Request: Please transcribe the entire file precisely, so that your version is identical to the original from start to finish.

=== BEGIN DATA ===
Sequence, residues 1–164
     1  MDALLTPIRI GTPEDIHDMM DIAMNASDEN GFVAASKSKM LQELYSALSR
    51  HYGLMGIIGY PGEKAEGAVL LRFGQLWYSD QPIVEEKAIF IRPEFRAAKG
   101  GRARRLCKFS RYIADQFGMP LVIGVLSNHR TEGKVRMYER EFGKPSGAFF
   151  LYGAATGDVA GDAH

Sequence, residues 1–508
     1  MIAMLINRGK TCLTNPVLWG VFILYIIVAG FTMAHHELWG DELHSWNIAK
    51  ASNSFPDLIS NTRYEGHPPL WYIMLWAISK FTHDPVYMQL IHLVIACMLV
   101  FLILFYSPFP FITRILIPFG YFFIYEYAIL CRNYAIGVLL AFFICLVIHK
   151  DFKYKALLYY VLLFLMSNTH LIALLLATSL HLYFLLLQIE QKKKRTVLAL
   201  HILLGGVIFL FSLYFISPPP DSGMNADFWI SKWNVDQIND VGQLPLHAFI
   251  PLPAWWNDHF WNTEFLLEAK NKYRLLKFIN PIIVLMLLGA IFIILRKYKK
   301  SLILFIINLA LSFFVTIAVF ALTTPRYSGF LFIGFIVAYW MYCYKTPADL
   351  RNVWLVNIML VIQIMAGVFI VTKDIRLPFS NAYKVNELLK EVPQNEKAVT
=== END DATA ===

Sequence, residues 1–164
     1  MDALLTPIRI GTPEDIHDMM DIAMNASDEN GFVAASKSKM LQELYSALSR
    51  HYGLMGIIGY PGEKAEGAVL LRFGQLWYSD QPIVEEKAIF IRPEFRAAKG
   101  GRARRLCKFS RYIADQFGMP LVIGVLSNHR TEGKVRMYER EFGKPSGAFF
   151  LYGAATGDVA GDAH

Sequence, residues 1–508
     1  MIAMLINRGK TCLTNPVLWG VFILYIIVAG FTMAHHELWG DELHSWNIAK
    51  ASNSFPDLIS NTRYEGHPPL WYIMLWAISK FTHDPVYMQL IHLVIACMLV
   101  FLILFYSPFP FITRILIPFG YFFIYEYAIL CRNYAIGVLL AFFICLVIHK
   151  DFKYKALLYY VLLFLMSNTH LIALLLATSL HLYFLLLQIE QKKKRTVLAL
   201  HILLGGVIFL FSLYFISPPP DSGMNADFWI SKWNVDQIND VGQLPLHAFI
   251  PLPAWWNDHF WNTEFLLEAK NKYRLLKFIN PIIVLMLLGA IFIILRKYKK
   301  SLILFIINLA LSFFVTIAVF ALTTPRYSGF LFIGFIVAYW MYCYKTPADL
   351  RNVWLVNIML VIQIMAGVFI VTKDIRLPFS NAYKVNELLK EVPQNEKAVT